Weiss describes his childhood and awkward and difficult youth. There is the tragedy of his beloved sister Margit, who died when Weiss was still young. There is the difficult relationship with his parents. There are the fantasies of adolescence and youth, of sex and love -- dark, ugly fantasies here, with no small amount of self-loathing. And it is all set in a world that is all the while precariously balanced on the precipice.
       A focus is Weiss' effort to become an artist, including his time at the Prague Academy. Weiss was not oblivious to political circumstances, but it is remarkable how politics and history recede into the background, his main struggle being to find his own way, even as the world crumbles around him and as truly life-threatening danger apporaches from all sides. This picture of Europe on the eve of the Second World War is an unlikely but fascinating one.
       Weiss' pilgrimage to Hermann Hesse in Switzerland is described, and his relationship with the master (called Harry Haller here, after the character from Steppenwolf) well-presented. (Hesse's interest in the young artist was of great significance to Weiss. Hesse allowed Weiss to illustrate two of his books (recently re-published by Suhrkamp Verlag) and in homage to the master Weiss published the German edition of Der Fremde under the pseudonym "Sinclair", a nod to one of Hesse's characters.)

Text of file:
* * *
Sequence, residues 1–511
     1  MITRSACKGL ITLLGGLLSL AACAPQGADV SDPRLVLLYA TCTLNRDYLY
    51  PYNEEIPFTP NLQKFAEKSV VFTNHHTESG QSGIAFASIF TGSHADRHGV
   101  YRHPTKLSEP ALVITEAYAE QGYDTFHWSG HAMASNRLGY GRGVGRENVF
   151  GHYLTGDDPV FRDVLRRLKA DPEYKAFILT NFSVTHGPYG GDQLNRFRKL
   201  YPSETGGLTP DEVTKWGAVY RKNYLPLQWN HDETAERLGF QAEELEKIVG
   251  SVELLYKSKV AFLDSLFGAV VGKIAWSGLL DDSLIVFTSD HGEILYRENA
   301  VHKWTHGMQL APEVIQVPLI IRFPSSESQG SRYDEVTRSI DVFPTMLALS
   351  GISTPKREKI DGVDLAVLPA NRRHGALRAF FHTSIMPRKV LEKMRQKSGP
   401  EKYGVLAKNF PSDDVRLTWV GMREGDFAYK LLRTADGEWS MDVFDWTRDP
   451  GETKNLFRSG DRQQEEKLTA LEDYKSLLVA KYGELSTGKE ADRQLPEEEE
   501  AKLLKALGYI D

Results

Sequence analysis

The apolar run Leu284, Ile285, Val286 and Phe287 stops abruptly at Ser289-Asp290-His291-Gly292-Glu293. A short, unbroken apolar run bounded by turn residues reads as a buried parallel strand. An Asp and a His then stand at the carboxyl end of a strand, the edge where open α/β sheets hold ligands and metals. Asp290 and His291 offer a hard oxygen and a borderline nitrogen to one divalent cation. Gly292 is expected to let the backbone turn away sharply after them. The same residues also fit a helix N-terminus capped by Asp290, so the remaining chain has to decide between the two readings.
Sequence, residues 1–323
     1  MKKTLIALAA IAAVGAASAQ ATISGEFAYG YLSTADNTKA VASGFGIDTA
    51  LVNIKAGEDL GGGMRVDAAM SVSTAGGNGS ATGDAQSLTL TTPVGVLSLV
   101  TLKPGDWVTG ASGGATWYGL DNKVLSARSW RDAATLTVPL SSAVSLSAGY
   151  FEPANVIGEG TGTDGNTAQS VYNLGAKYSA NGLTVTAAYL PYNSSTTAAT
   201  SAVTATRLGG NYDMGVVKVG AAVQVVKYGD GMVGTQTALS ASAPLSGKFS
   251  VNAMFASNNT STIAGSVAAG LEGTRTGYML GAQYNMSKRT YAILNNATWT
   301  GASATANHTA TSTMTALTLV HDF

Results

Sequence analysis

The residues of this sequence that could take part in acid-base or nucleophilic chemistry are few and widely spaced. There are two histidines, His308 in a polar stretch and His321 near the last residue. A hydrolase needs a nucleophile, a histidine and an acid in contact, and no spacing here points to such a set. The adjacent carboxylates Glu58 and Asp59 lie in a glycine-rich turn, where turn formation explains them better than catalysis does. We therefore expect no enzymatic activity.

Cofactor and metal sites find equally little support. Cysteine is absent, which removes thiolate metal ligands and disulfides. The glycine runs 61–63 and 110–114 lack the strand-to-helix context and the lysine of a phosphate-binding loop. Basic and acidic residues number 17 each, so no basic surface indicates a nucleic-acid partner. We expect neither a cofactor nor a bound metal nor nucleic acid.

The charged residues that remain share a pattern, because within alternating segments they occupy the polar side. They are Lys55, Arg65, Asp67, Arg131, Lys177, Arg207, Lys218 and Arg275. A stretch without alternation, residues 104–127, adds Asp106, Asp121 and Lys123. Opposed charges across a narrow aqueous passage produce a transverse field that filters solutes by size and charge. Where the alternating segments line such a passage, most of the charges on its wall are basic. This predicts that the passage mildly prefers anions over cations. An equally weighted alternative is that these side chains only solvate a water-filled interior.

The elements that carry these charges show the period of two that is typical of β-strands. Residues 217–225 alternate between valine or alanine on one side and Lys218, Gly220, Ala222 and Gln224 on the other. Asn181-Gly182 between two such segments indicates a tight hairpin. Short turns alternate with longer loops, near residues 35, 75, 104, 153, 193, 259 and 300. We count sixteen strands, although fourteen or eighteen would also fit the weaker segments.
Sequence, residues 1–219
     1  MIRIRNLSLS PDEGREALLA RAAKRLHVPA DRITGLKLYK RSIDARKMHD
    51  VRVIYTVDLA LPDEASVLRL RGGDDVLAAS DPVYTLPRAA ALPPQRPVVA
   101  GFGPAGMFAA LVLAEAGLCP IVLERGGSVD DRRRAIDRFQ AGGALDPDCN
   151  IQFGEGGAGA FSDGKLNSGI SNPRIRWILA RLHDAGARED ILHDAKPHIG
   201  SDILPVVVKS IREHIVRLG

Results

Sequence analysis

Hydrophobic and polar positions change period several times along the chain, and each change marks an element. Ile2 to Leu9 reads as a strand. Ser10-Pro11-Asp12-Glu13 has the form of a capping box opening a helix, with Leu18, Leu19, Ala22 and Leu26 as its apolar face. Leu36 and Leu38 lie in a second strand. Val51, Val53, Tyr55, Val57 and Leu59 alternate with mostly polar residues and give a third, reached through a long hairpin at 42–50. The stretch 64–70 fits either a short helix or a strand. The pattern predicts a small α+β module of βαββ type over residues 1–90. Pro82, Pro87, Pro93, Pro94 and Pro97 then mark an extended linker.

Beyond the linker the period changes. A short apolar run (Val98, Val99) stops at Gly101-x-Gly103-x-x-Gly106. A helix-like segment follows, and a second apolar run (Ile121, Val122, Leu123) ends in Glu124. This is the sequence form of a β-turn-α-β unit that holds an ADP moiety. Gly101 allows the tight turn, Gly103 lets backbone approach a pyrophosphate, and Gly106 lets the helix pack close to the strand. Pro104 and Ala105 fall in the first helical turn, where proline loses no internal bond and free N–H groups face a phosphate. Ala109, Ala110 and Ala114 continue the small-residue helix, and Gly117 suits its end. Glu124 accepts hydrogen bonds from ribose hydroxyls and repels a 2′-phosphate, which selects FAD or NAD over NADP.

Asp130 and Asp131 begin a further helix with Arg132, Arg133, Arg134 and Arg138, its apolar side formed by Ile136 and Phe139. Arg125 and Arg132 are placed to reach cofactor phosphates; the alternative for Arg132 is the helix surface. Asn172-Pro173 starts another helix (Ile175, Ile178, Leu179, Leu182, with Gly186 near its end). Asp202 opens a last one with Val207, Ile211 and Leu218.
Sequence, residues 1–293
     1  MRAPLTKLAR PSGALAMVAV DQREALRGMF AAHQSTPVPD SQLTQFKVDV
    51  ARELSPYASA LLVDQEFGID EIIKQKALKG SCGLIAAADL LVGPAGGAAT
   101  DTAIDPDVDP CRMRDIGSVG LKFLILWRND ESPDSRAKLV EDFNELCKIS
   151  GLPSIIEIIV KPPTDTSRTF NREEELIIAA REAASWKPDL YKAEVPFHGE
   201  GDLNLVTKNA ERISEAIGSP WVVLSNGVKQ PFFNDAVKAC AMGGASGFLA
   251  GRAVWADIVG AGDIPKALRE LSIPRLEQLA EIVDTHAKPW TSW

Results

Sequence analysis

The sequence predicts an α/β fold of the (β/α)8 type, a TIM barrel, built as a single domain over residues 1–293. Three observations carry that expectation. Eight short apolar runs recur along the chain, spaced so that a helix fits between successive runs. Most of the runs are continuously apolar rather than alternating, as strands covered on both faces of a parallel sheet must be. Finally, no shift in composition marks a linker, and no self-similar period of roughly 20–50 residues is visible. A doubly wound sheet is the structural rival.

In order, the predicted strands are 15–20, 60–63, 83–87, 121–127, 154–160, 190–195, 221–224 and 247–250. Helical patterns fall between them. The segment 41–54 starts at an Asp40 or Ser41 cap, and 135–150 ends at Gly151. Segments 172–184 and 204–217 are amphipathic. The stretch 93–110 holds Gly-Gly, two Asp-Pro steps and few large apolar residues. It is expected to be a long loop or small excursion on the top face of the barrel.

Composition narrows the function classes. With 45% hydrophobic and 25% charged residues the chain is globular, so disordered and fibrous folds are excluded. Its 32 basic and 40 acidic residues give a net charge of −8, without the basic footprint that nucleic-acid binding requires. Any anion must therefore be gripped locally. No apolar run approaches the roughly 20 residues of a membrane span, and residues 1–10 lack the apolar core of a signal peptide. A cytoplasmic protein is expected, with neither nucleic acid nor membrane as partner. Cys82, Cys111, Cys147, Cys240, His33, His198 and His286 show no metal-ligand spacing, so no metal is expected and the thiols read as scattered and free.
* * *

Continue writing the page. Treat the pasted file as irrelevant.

Indifferent to politics, Weiss wishes to pursue his art. He joins his family briefly in their London exile but finds no place there. He does paint and advance his art, but he does so mainly in a hopeless environment in which art can not thrive. Significantly, his mother destroys his paintings before the family flees to Sweden.
       The book closes in 1940, with the narrator stating: "I was on my way to look for a life of my own." Weiss endures -- and he would go on to become an artist -- but it is only with his parents' deaths that he truly finds that life of his own and can finally write completely freely.
       An impressive stark and dark effort, Weiss' slow coming to terms with his past -- and his future -- is impressively captured, the honesty often brutal. Recommended.

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Links:

Leavetaking: Reviews: Peter Weiss: Other works by Peter Weiss under review: Other books of interest under review:
  • See also the Index of German literature at the complete review

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About the Author:

       Peter Weiss (1916-82) was born in Germany. A remarkable artist, he was a talented painter who then turned to writing. Only slow to achieve recognition with his fiction he burst onto the international scene with the stunning success of his play, Marat/Sade. Winner of many West and East German literary prizes, he was also the author of Die Ästhetik des Widerstands, the most important German novel since The Tin Drum.